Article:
The first computers used punch cards or lights. Wikipedia says for ENIAC:
an IBM card punch was used for output
The German Wikipedia-article about Zuse's Z3 (the first apparatus that can be called computer) says:
einer Tastatur mit Lampenfeld für Ein- und Ausgabe von Zahlen und manuelle Steuerung von Berechnungen
That means: it had a keyboard with lights for input and output (programs were read from punch cards, as NobbZ said).
As computers got more common, they used often the already existent teletypes, that means output was made through printing text on paper. Until today, Unix-Terminal emulate to some degree teletypes.
EDIT: You asked specifically about PCs. First PCs came up in the 50s and had different methods for output. The IBM 610 used a keyboard for input and an electric typewriter for output. Also, some other early PCs used printers, i.e. Olivetti Programma 101. The Simon or the Kenbak-1 used lamps for output.
More infos about history of PCs at Wikipedia (as usual).
It's been a while since I spent much time there but it is very interesting and may be helpful. It will probably give you some computer names that you could then research to find out how people interacted with them.
To answer your specific questions:
- MARK I (1944): Used a 24 channel punched paper tape for input and output. Or for alternate manual data entry, 60 sets of 24 switches could be used.
- ENIAC (1946): Used a card reader for input, and a card punch for output.
- Simon (1950): Used a five hole tape for input and five lights for output.
- UNIVAC (1951) Used a keyboard for input and register lights for output.
- Xerox Alto (1973): Used mouse and keyboard for input and a Monitor for output.
- MITS Altair 8800 (1975): Used an ASCII keyboard for input and a '32 character alphanumeric display terminal' for output.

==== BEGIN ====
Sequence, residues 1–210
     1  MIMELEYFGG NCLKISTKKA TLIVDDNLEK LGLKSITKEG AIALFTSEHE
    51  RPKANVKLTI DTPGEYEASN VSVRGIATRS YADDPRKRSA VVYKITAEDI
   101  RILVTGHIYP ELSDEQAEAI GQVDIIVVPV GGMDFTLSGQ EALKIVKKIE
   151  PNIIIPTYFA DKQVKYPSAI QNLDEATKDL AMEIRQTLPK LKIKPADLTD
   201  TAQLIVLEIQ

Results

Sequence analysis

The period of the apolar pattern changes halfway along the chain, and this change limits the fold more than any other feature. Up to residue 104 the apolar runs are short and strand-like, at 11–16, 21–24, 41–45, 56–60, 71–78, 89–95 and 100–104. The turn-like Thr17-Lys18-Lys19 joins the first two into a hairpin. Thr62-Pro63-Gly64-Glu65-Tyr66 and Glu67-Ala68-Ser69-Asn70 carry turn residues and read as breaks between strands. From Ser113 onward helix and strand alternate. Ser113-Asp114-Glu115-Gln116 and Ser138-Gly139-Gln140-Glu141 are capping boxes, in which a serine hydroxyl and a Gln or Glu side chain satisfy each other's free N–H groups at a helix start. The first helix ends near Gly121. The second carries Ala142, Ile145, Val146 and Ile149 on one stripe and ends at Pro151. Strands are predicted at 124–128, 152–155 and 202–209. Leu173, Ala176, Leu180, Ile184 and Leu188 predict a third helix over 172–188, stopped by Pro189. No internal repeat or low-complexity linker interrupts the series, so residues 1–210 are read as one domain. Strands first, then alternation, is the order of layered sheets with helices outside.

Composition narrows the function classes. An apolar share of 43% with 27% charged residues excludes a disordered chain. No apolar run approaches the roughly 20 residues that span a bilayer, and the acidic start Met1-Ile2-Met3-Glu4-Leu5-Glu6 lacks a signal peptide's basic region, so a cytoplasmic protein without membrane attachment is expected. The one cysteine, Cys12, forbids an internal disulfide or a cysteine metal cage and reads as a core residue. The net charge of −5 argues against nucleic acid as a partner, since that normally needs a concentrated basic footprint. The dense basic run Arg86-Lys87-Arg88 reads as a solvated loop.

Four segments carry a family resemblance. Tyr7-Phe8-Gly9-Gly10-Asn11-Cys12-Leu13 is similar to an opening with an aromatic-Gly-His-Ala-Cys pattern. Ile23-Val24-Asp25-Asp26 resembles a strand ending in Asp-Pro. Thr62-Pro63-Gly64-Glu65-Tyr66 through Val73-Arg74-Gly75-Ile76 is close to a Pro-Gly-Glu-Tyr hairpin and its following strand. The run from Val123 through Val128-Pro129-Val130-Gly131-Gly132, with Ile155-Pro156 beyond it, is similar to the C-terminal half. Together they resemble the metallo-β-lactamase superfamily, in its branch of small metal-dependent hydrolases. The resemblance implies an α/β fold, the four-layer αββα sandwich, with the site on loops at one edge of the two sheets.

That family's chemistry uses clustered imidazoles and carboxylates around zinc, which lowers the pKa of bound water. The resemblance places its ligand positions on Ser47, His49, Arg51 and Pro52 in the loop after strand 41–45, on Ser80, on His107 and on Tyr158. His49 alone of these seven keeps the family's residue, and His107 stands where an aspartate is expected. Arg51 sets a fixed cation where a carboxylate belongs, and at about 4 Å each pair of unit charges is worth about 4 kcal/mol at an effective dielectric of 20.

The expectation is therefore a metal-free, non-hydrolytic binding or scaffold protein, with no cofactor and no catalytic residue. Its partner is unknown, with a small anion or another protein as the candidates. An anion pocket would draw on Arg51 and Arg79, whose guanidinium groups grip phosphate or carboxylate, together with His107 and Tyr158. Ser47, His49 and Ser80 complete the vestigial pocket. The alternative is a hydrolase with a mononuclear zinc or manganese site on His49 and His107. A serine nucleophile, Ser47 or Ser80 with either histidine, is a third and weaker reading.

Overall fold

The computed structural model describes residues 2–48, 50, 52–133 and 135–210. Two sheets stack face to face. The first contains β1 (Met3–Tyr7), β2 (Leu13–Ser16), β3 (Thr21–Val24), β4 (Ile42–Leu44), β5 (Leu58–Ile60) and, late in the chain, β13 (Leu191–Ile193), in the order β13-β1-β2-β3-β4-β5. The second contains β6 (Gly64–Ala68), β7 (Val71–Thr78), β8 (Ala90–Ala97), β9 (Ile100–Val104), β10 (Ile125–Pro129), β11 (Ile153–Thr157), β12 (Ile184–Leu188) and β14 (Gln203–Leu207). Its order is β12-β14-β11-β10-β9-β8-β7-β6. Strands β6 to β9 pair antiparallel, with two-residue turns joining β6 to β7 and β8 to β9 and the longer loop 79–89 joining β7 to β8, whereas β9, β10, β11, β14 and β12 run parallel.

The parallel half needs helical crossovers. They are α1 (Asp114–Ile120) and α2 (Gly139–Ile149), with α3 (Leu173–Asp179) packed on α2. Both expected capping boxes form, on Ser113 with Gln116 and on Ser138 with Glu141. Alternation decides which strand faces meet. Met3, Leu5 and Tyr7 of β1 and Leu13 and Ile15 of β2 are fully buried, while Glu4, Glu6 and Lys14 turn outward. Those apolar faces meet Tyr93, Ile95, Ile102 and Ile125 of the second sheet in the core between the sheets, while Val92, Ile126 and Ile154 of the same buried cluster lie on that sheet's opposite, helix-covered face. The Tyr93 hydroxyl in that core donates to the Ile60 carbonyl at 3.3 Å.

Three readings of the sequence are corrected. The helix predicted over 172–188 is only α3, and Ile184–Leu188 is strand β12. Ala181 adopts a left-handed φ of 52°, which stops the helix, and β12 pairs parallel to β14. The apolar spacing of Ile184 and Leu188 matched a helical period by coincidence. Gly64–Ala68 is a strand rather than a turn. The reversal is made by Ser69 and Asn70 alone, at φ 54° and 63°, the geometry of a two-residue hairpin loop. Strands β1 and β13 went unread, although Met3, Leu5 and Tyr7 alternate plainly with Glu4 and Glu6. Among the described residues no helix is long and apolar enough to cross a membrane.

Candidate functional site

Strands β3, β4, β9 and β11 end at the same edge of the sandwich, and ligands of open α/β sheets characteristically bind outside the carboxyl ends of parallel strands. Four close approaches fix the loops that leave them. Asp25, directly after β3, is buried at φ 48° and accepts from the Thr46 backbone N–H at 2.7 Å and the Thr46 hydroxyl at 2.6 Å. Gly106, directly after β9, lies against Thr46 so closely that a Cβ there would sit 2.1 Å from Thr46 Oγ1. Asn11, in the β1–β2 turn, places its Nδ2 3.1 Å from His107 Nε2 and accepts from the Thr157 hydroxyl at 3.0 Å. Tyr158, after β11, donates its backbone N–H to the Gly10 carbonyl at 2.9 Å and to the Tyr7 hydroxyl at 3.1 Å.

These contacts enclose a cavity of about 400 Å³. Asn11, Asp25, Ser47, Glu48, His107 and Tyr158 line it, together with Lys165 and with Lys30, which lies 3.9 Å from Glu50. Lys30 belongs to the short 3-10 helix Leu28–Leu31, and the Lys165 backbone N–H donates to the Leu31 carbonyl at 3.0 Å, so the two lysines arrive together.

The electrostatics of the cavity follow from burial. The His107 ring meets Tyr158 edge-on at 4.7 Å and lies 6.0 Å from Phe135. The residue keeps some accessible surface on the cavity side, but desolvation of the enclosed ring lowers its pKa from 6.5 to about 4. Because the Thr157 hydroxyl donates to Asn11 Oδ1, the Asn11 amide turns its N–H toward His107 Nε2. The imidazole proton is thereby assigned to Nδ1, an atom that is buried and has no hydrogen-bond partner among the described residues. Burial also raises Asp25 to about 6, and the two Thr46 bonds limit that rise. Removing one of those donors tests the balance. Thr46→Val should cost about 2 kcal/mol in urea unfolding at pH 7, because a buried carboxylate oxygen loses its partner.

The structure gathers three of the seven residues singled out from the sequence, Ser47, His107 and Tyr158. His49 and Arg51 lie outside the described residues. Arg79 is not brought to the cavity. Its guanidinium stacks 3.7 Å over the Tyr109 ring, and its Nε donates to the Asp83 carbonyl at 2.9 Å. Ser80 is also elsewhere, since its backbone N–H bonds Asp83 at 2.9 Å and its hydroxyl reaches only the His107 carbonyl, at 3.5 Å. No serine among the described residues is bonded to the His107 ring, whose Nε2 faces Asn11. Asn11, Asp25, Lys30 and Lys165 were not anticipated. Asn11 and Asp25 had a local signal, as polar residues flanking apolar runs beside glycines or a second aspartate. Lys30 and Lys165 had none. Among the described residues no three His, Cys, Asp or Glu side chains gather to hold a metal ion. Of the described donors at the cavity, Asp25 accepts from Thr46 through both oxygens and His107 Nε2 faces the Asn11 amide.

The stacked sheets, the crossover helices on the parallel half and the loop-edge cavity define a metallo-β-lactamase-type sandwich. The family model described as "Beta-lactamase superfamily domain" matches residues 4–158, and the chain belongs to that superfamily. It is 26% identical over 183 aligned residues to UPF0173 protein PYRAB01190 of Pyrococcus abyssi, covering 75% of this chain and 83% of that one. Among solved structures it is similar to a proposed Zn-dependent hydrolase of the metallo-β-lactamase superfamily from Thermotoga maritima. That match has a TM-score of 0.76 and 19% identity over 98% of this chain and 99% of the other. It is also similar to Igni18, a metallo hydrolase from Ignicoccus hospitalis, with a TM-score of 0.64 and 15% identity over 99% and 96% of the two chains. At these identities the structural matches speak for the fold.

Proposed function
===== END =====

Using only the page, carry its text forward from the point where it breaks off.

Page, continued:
To illustrate an alternate input / output method in use near the dawn of the PC:
- Pong (1975): Used two knobs for input and a TV for output.
Some other early computers:
- Zuse Z1 (1938)
- Zuse Z2 (1939)
- Zuse Z3 (1941): Used punched 35 mm film stock.
- Atanasoff–Berry Computer (1942)
- Colossus Mark 1 & 2 (1944): Used patch cables and switches and paper tape for input and banks of lights for output.
- Zuse Z4 (1945): Used punched 35 mm film stock.
- Manchester Small-Scale Experimental Machine (Baby) (1948)
- Modified ENIAC (1948)
- EDSAC (1949)
- CSIRAC (1949)
And even before all that:
- Mechanical Calculator (Pascal) (1642)
- Jacquard Loom (1801)
- Scheutzian Calculation Engine (based on the design of the Difference Engine) (1843)
- Arithmometer (1851)
- Difference Engine (1859): As @artistoex pointed out, used a bell and a typewriter.
And even before that, as @WernerCD and @artistoex pointed out, calculation assistance has been going on for quite a while:
There have been many I/O devices in the history of computing, from simple light emitting devices such as incandescent light bulbs (and later LEDs) to punch cards to mechanically operated alpha-numerical displays. Pretty much any way you can think of interacting with anything has probably been used to interact with computers, such as bells, whistles and other such things.
Arrays of lights were probably the simplest form of monitor as they could be used in a similar way to the pixels you see on monitors these days.
Monitors are only one of the many ways that have been devised to interact with computers and it stuck because it is the most intuitive and technologically realistic method of dealing with information.
Since first Computer is known to be the Zuse Z1 (at least the first binary computer), I looked at it in wikipedia. But all I could find there was that the input was with punched tape. So I would guess, that the output comes on puched tapes too.
Probably you could find it interesting to go through that wikipedia-pages?
The Difference Engine used brass digits, a bell and a typewriter.
The first "PC" related to what is commonly known as a PC today, the IBM 5150, used a monitor. You could obtain the system with a high-resolution text mode-only MDA card, or a lower-resolution text and/or color graphics CGA card. Around this time (1981) many home computers were designed to be connected to a television, and the CGA card could indeed be connected to a television.
The late 60's/early 70's saw the introduction of video terminals. These combined a keyboard, CRT display, and character generating hardware and were connected to a minicomputer or mainframe by way of some form of an RS-232 port. So for a while the "monitor" or terminal was considered part of separate self-contained peripheral.
The Altair 8800 had LEDs which you could use to show output if you did not connect a serial terminal to it.
Before the introduction of video terminals you had teletypes. Before then you had punch cards.